When the Pivitonians met the Bloods

The stars in heaven aligned. The stars came out to play. Geelong have carried off their 10th V/AFL Premiership.

For anybody who was on the Moon last weekend and somehow missed that final score, Geelong 20.13 (133) d Sydney 8.4 (52) at the Melbourne Cricket Ground in front of a crowd of over 100,000.

Before the game I had heard it said that Geelong and Sydney had never met to decide a Premiership, but that isn’t quite the full story is it? Until the 1980s the Sydney Swans were the South Melbourne Football Club, a club which along with Geelong was a foundation member of the Victorian Football League in 1897. If you look back far enough into the stories of these clubs, Geelong and South Melbourne, you will find a tale to be told.

Before the VFL formed, teams played regularly in the Victorian Football Association competition and in the 1880s, the two strongest teams running around in the VFA were Geelong and South Melbourne. Together, these two teams managed to win 12 of the 13 premierships decided between 1878 and 1890.

The Geelong Football Club in 1884. (Source: Wikipedia)

This was a bit before my time you know, but I can tell you it was an era before the round robin style finals series we are all familiar with and which is now used to decide the Premiership. The team that finished on top of the ladder at the end of the home and away season was deemed to be the premier team of that year and in 1886 both South Melbourne and Geelong went into September undefeated. A meeting planned between the two teams that month would decide it. The winner would go to the top of the table and become the Premiership team, the loser would finish as the runner up. It was a match that even to modern eyes had all the trappings of a Grand Final of the modern era.

A team of 19th Century Australian Rules Footballers seated in front of a grandstand.
The South Melbourne Football Club in 1890. In an era before the concept of an “Away” jumper, Geelong played in blue hoops, South red which I guess must have caused a little confusion. (Source: Wikipedia)

This famous game has been called “the sport’s most important match of the 19th century”, and has become known to modern football historians, (yes, there really are such a thing) as the “Match of the Century”.

The “villainous” South Melbourne recruit, William Bushby pictured two years after the Lakeside Oval clash. (Source: Stump & Co photograph, Wikipedia)

The lead up to the game was steeped in controversy. In their last meeting resulting in a draw, South Melbourne had been accused of deliberately turning up late for the game to achieve a shortened match in a tactic to combat Geelong’s perceived greater endurance and athleticism. Professionalism was yet to be openly accepted in sport and tensions were raised further when it was revealed that South had somehow convinced a certain Mr William Bushby, the Captain of the Port Adelaide Football Club and reputedly the best Australian footballer “in the world,” to travel from the Colony of South Australia to Victoria to play in the game. Bushby said he had come to Victoria for a short time for a business opportunity, but nobody was letting on what the opportunity might involve.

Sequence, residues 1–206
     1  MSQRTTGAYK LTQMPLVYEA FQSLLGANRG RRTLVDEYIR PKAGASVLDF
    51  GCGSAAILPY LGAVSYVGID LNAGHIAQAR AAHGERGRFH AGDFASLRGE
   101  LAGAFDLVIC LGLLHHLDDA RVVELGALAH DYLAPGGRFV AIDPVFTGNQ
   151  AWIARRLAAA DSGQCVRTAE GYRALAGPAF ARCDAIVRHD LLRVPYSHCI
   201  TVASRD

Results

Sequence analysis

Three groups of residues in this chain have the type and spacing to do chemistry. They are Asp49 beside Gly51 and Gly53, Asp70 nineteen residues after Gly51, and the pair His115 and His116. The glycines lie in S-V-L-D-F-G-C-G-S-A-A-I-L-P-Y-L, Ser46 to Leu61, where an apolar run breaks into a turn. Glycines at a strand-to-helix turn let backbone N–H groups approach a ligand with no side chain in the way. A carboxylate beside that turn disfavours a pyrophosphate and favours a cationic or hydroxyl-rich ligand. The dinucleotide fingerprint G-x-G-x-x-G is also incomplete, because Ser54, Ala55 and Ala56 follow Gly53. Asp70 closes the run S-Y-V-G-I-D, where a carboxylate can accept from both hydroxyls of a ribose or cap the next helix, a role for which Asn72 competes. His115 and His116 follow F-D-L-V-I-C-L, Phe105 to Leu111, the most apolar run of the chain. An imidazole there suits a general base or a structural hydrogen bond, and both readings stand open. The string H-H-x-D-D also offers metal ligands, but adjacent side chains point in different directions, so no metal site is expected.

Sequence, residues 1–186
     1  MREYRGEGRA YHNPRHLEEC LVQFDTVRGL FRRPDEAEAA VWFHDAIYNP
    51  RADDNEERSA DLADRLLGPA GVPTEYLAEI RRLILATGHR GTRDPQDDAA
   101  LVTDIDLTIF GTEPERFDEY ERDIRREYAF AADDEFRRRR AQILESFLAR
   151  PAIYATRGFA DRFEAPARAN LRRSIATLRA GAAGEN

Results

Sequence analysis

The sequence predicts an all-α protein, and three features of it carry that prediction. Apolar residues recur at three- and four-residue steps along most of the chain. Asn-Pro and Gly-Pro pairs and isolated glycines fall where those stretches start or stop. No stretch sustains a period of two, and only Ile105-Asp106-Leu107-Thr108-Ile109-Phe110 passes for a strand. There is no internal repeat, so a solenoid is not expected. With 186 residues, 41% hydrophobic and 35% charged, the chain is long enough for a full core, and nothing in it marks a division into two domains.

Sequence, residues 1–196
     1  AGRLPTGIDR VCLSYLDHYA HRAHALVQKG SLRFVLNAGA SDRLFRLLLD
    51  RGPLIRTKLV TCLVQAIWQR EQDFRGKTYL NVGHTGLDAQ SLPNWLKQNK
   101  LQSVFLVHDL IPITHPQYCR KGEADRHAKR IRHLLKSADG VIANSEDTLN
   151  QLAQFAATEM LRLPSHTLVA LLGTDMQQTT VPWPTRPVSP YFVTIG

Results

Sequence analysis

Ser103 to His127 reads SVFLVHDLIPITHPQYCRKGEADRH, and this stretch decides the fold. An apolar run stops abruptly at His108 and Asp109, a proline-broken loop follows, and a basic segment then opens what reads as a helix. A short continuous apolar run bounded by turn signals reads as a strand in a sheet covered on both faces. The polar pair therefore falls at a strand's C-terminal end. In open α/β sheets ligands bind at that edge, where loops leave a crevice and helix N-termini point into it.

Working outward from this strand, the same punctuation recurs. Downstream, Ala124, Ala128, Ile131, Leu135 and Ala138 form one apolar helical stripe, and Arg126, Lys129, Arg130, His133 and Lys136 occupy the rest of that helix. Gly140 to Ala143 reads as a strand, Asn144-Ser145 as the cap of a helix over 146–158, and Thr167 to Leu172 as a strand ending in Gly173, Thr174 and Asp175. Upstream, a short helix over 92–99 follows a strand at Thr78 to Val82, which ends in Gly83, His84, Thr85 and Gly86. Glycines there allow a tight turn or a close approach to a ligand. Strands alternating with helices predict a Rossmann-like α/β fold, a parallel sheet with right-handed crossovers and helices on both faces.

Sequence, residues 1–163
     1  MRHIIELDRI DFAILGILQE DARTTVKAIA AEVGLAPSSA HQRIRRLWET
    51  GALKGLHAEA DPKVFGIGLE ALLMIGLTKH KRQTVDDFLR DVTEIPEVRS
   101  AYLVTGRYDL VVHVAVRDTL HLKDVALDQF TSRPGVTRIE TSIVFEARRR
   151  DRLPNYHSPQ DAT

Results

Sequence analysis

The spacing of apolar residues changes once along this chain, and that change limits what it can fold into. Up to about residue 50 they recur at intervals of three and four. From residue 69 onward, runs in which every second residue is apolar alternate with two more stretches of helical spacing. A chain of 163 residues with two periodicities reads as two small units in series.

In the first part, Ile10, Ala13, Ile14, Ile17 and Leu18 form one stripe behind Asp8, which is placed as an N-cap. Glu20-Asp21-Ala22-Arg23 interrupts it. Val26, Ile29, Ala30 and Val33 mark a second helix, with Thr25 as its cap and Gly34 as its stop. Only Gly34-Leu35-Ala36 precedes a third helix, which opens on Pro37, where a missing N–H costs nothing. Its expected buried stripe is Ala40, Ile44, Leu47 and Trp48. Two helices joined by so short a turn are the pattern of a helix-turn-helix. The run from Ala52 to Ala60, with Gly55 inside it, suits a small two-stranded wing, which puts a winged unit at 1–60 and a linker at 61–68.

The night before the game, these tensions turned to alarm then outrage when it was discovered that the rail line near Newport had been pulled up in an apparent attempt to derail the Geelong service in front of two special trains bringing the team and its supporters, an act of sabotage committed by persons quote, “unknown”.

They took their football seriously in 1886.

As reported by a thrilled writer in the Argus newspaper:

“No football match ever played in the colonies excited the same amount of interest as the premiership decider between Geelong and South Melbourne.” (The Argus, p10, 6 September, 1886)

The game took place on Saturday, 4 September, 1886 at the old South Melbourne, Lakeside Oval where over 34,000 people crammed into an outer designed to hold about a third of that number, while as many again jostled outside the closed gates. This was the largest crowd to see a football game of any type anywhere in the world up to that point and to this day it remains one of the largest to ever witness a VFA game.

News of the score or rumours of the score were breathlessly passed up and down Clarendon Street in South Melbourne by an excited mob gathering outside packed shops. Finally, after the bell sounded at the ground to announce the end of the match there was a cry from the largely parochial South Melbourne crowd inside. Geelong were the victors, 4.19 to 1.5 and, perhaps fittingly that scoundrel Bushby had hardly touched the ball. His direct opponent, the Geelong Captain Dave Hickinbottom, was named by contemporary sports writers as Best On Ground.

136 years later Geelong and the team that in another time was South Melbourne have played the game that has been pencilled in by some as their first ever meeting in a Grand Final. The match was a rout, criticized by many as a debacle not worth watching but I say this again. That’s all a matter of perspective. To say I enjoyed it is an understatement.

When I was old enough to choose a football team to pin my hope and heart upon, it seemed to me that Geelong and South Melbourne were regularly fighting it out on the bottom of the ladder for the right to the wooden spoon. Sort of like the situation between these two clubs in the 1880s, but in reverse. The only way seemed to be up from there.